Film Diary: Key Largo (John Huston, 1948)

Sunday, 18 May 2008

Key Largo

A former US Army Major pays a surprise visit to a down-at-heel hotel in the Florida Keys to visit the father and widow of the friend and comrade with whom he served in Italy. Unwittingly he stumbles into a dangerous situation; gangster Johnny Rocco, with his henchmen and alcoholic moll, have taken over the hotel in the guise of a fishing party from Milwaukee, waiting out an imminent hurricane.

Those hoping for the cynical, wisecracking Bogart of earlier in the decade might be disappointed. Similarly, anybody looking for the kind of sexual sparks that made previous outings of Bogart and Bacall – in The Big Sleep and To Have And Have Not – will look in vain. It’s not that kind of film and it doesn’t call for that kind of role. Edward G Robinson holds centre stage and he is wonderful, his menace accentuated by his fear of the storm. And all the others can do – should do, because hot-headed bravado is fatal – is to wait patiently for a crack and exploit it.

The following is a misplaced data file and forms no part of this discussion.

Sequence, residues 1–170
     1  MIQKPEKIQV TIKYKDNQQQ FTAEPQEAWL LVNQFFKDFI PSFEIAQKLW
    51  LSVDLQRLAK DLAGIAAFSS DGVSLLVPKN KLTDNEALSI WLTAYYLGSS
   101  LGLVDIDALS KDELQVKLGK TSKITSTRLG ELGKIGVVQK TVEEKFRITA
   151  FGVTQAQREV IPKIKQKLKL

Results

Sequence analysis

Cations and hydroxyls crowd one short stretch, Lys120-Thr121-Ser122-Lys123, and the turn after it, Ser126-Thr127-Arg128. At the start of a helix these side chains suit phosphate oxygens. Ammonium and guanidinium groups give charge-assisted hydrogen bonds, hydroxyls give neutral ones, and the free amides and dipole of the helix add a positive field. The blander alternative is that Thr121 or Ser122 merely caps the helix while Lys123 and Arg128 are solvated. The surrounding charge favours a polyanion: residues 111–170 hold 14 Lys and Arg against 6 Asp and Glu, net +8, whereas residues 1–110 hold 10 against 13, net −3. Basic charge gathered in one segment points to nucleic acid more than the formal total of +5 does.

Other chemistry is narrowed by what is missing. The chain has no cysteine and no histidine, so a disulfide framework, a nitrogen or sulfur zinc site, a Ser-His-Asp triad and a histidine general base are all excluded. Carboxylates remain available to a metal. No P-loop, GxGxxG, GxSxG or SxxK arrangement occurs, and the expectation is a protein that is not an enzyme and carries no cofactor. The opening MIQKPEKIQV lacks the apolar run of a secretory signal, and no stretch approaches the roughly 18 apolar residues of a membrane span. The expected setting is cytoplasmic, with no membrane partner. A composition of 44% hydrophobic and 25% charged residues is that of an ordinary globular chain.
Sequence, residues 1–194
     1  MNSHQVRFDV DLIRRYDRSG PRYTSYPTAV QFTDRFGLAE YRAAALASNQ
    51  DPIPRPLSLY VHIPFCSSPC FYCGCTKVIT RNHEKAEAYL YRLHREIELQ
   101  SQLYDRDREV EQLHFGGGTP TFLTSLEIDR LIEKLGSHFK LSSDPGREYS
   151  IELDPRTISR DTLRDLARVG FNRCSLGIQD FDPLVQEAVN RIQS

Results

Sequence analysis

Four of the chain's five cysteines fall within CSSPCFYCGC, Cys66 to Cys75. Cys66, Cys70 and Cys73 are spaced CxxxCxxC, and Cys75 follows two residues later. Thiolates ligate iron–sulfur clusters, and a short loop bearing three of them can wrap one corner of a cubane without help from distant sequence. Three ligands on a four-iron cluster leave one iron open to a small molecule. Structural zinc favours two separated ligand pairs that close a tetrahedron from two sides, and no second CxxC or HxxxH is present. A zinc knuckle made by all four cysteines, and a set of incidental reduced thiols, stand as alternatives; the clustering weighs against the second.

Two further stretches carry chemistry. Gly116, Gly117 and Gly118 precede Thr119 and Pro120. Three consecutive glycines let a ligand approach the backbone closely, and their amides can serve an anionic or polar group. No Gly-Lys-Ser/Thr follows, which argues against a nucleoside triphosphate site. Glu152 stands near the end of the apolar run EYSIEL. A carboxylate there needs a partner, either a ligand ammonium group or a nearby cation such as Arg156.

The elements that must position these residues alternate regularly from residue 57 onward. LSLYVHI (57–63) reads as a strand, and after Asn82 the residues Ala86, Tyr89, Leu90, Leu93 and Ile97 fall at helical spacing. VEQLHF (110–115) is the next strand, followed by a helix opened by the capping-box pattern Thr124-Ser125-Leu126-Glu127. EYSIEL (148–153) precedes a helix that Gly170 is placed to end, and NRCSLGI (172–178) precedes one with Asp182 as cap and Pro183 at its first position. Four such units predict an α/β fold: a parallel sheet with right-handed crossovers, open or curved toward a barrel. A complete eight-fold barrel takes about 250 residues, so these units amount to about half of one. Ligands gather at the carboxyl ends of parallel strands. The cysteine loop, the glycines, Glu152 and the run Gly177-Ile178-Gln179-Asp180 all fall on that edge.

That’s not to say that the performances are bad – they aren’t, they are superlative. And it doesn’t mean that there isn’t sexual tension there. There is, it’s just unspoken. What there is, is an hour and a half of agonising tension as Bogart and Robinson psych each other out. They say that John Huston didn’t know how to resolve it, so Howard Hawks gave him an unused ending of To Have And Have Not to bolt on. It doesn’t matter; this is a magnificent film and an eternal favourite of mine.


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